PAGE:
We here in Cali recently had some pretty big quakes. Luckily here in the Inland Empire (IE) we weren't shaken up about it but it did remind us that we are overdue for another "Big One" so let's talk about how we can be better prepared.
If you're like me, earthquakes barely even wake you up and we are lucky enough to not have to worry about hurricanes or floods so our evacuation kit is mostly an old granola bar and a couple fast food napkins.
It's time we start taking Mother Earth seriously and listen to her warnings so if you have pets congratulations you're, on average, happier than everyone else but you also have more to worry about in case of an emergency.
During an earthquake it can be hard to walk and things fall from shelves so it's best to keep yourself safe first and let your cats and/or dogs find a safe spot on their own. This could prevent further harm from having to physically restrain them since most animals don't appreciate being held when the world is literally shaking. There's not much we can do while an earthquake is happening which is why it is vital that we prepare beforehand:
- Have a pet disaster kit ready and keep carriers, leashes and harnesses near the exit
- Always keep shoes next to your bed in case of broken glass and debris
- Know where in your home to ride out the quake/storm.
- If water contamination is possible, fill all sinks and tubs w/water
- Know where you'll go if you need to evacuate your home. Many emergency shelters do not allow pets! Ask friends or relatives if you can stay with them or look for pet friendly facilities.
- Know how to turn off the gas, electricity, and water.
- Have emergency numbers (like the gas company if you smell gas)
- Learn pet first aid
- Keep non perishable food in multiple places of your house.
- No pet left behind. If you have to leave your pets behind, DO NOT tether, crate, or restrain them in any way! This way they will have the best chance of survival.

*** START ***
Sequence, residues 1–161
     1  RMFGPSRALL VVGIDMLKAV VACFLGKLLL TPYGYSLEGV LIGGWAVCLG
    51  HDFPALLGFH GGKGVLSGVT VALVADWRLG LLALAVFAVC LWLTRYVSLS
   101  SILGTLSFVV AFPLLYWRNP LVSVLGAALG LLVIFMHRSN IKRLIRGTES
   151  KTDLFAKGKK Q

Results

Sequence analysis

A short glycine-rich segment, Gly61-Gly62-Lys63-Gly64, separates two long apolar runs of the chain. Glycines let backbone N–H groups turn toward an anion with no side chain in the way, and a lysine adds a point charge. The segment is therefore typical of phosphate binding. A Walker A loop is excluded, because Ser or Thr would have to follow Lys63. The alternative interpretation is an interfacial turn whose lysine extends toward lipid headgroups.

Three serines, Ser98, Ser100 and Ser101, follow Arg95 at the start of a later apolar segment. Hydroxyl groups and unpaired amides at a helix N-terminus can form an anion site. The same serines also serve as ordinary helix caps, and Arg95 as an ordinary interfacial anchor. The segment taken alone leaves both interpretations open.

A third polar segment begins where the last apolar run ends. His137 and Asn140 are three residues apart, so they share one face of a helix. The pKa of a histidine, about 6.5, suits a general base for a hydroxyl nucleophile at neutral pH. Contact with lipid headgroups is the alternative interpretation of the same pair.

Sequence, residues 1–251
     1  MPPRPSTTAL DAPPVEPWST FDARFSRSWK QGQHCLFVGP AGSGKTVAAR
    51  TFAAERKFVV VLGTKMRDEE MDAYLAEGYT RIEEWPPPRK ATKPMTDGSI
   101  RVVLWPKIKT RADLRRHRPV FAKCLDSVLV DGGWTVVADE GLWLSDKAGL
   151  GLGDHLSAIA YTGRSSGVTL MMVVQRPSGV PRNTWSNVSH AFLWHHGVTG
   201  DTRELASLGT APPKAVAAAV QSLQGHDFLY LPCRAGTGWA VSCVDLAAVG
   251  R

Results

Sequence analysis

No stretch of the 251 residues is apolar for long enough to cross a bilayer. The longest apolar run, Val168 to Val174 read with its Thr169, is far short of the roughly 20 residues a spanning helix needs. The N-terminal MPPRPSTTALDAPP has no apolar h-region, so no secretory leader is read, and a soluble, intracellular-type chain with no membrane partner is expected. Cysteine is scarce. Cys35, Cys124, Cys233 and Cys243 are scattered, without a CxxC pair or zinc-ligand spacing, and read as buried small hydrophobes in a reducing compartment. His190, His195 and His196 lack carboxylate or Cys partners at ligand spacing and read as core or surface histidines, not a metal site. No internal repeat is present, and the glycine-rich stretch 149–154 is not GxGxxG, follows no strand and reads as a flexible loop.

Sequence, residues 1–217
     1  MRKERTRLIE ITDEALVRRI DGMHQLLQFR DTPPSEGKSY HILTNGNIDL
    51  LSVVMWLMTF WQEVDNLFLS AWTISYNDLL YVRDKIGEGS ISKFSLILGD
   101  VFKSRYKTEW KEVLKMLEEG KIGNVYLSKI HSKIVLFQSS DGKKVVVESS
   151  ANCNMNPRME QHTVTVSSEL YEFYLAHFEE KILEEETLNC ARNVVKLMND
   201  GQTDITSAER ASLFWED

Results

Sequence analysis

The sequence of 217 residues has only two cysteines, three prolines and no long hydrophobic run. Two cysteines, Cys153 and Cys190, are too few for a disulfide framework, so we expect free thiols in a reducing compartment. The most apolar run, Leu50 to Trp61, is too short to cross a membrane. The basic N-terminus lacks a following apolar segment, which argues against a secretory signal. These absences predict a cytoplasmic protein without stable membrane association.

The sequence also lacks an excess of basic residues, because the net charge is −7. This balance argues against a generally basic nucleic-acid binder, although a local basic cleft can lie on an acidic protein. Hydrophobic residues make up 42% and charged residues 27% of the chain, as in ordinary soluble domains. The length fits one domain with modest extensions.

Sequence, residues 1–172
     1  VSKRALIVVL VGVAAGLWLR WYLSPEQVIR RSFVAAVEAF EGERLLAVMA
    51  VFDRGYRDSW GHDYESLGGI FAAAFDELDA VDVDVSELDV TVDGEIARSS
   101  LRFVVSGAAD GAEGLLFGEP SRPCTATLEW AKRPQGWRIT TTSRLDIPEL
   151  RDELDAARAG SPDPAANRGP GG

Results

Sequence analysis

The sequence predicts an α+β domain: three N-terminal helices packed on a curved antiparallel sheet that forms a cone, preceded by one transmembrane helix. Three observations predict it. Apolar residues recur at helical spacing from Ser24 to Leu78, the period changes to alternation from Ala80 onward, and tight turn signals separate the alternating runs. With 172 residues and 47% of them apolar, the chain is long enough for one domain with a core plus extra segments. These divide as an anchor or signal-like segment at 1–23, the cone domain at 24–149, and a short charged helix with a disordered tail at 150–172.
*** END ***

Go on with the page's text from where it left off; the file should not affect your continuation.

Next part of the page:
- Make sure your animal has identification
- Tags with their name and your phone number and vital health information if needed
- Microchip with up to date information
- Print out multiple pictures of your pet and you with your pet.
- After a disaster, keep close watch on pets and don't let them wander, an event of this magnitude will surely leave them disoriented and afraid. Keep them away from power lines, debris, contaminated water, other animals, and strangers.
Immediate Evacuation List
- Printed photos of pets
- Map of the area (printed or download the area on google maps so it is viewable without a connection)
- Change of clothes
- Toothbrush & toothpaste
- Paw protectors
- Essential personal hygiene products
- Fire starter
- Small Headlamp
- Extra food for pets (cans last long but are heavy so Freeze Dried is a good option it is shelf-stable and light)
- Toilet paper
- Phone charger
Emergency Kit (plan for at least 3 days)
- Pet carriers, leashes, and harnesses
- Water filter system or 1 gal of water per day per being
- Canned food for your pets, it is shelf stable for a long time and they won't need to drink as much water.
- Heat source (if necessary)
- Pet first aid kit with how-to book like the Pet Safety Bible
- Bolt cutters
- Candles & lighters
- Manual can opener
- Solar powered radio or radio and extra batteries
- Phone chargers
- Toys for pets
- Cat litter
- Sanitary products for cleaning up after your pet
- Flashlights and extra batteries
- Human first aid kit
- Any medications you or your pets need
- Multipurpose tool
- Copies of Personal documents
If you have a Reptile
- Same list as above
- Travel carrier
- Extra shelf-stable food (dehydrated worms and veggies, canned crickets, etc)
- Heat source
For Birds and Small Animals
- Same list as above
- Travel carrier
- Extra shelf-stable food